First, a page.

I have worked with other fine and inspiring editors, but Phil will set the high bar by which I say that.

I hope you’ll enjoy the not-used short segment of that “near-final” writing, and also find other reading that will fill your holidays. It is my wish for each of you that you remember and treasure those in your own lives who have supported and encouraged you, helping you become your best selves.

Readers and their feedback always do this for me, too, and I thank you all for that.

Happy holidays!


Packing for Hurricane Ian? Include Books.

Nothing about this short post is meant to make light of the very dangerous, potentially deadly impact of HURRICANE IAN heading toward Florida. Those likely to be most affected have prepared “go bags”, shutters, escape plans, etc. Take good care, everyone, to ready those essentials first. But if there are children within your planning circle, or if your plans include sheltering in a designated public space, consider tucking a picture book or two into your bag. If you don’t have these titles on hand, choose any favorite(s). The comforting experience of a caring voice sharing familiar words, images, and characters is beyond measure.

My own recent picture book, IS IT OVER? recognizes fear of storms as transcending age, gender, and addresses our inability to personally control outcomes. But it celebrates the power of story and imagination as paths to comfort and hope during the deepest of worries. And, of course, love and trust are reassuring ingredients.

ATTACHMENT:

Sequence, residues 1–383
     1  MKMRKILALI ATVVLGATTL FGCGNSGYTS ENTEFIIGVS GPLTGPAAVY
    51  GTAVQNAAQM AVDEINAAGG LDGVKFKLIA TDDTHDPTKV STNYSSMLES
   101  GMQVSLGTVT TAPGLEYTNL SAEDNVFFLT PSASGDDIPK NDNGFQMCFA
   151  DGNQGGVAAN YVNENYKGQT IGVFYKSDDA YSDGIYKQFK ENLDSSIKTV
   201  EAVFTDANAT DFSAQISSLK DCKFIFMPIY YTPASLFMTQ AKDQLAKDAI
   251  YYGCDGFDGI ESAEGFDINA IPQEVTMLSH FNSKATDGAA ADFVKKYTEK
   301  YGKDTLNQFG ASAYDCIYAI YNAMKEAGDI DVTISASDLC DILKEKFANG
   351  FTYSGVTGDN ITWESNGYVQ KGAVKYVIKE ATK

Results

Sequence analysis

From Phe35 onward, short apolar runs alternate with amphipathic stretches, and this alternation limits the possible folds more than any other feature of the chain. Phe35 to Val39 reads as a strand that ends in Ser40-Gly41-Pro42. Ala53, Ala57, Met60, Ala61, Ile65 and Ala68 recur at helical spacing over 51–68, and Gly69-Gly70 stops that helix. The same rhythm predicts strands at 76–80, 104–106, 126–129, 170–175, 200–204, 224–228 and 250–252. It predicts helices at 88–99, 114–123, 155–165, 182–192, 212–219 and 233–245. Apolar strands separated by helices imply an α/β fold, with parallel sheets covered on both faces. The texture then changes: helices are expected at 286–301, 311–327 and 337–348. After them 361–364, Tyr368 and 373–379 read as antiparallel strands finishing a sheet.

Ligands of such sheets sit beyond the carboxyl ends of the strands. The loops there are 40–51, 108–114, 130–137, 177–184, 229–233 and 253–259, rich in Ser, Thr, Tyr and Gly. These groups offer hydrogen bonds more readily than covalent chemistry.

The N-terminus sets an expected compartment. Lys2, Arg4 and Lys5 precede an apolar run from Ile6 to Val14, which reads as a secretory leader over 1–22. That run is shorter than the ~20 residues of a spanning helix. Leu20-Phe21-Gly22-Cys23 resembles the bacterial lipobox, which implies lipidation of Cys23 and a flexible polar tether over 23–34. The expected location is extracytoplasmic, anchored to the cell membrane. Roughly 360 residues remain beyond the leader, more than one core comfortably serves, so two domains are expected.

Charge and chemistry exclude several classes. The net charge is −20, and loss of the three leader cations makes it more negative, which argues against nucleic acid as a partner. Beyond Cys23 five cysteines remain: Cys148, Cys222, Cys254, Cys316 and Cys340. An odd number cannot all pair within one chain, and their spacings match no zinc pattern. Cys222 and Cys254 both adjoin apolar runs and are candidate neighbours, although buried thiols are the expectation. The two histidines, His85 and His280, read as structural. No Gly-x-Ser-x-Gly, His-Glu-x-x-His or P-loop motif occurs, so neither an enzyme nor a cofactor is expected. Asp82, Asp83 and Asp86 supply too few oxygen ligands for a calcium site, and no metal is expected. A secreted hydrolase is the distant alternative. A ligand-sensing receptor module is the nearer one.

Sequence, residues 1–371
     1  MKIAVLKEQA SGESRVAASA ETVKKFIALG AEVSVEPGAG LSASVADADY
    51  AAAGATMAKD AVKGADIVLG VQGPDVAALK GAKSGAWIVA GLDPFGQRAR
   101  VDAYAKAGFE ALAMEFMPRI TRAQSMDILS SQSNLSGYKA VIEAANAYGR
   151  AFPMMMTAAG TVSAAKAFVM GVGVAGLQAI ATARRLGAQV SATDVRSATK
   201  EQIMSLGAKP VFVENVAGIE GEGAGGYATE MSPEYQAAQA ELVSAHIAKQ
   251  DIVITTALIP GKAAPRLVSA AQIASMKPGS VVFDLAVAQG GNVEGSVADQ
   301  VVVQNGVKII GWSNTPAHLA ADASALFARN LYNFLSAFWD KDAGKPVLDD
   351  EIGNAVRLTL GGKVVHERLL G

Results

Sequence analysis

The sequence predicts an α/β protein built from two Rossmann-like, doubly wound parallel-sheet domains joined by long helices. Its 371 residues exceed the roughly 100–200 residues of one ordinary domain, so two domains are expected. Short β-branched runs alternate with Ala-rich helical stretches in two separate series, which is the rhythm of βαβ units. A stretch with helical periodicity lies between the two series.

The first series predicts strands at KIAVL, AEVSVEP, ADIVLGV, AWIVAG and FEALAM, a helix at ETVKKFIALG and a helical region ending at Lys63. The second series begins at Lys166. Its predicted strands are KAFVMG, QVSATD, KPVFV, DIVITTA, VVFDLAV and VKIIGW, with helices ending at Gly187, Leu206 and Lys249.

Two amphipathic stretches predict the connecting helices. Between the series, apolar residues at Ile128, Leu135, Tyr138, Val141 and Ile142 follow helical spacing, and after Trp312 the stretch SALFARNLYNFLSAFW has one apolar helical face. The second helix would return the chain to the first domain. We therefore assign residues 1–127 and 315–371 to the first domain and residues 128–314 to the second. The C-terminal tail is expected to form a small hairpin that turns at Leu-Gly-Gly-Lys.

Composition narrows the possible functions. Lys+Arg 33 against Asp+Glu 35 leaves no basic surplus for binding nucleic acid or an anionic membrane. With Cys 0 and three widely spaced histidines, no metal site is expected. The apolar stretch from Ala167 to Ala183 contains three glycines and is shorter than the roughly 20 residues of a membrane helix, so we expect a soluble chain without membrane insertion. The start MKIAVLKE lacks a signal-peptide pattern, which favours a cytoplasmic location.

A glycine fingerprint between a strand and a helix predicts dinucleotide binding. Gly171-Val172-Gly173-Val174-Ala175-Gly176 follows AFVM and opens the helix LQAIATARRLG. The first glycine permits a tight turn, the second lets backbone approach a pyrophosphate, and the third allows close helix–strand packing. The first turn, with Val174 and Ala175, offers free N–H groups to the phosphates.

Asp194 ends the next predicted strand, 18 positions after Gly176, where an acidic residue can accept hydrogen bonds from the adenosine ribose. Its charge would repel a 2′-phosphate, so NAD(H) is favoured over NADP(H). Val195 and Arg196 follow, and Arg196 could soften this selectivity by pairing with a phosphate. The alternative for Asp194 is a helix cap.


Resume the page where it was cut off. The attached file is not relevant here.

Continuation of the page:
From prior posts on my picture book blog, UNPACKING THE POWER OF PICTURE BOOKS, there are more suggestions for titles that allow young (and old) audiences to encounter threatening storms, and worse, vicariously, learning that humans and nature itself will survive extreme  weather. Click each title for a short review/summary and find a title-click book link to purchase.

By the way, libraries are priceless sources for countless more related books, both fiction and nonfiction, and are sometimes designated safe shelters during emergency conditions. What a grace to find yourself among such comfort when times are at their worst.

OVER IN THE WETLANDS by Caroline Starr Rose is set in bayou country during a hurricane and has the lilting language and sprawling scenes that will both inform and soothe. Re-readings will be welcome, too, as a bedtime story.

As I mentioned, books that provide a sense of HOPE throughout struggles will be especially welcome, and I suspect there will be many an eager adult ear turning toward those who read aloud to the young ones.

More examples  include TOGETHER WE GROW: Building a Peaceable Kingdom in which Nature’s threats form the common thread that pulls even instinctive enemies into common company and comfort. NOAH BUILDS AN ARK has a similar story trajectory while safely tucked into a familiar scene in a child’s yard.

And HERE’S a post that links/reviews several recent picture books involving storms.

My hopes for safety for all go with this post. For those not immediately affected by Hurricane Ian’s threats, sharing these books will lay a foundation of emotional security in children before circumstances might make them feel intensely vulnerable.

And aren’t we all, really, intensely vulnerable?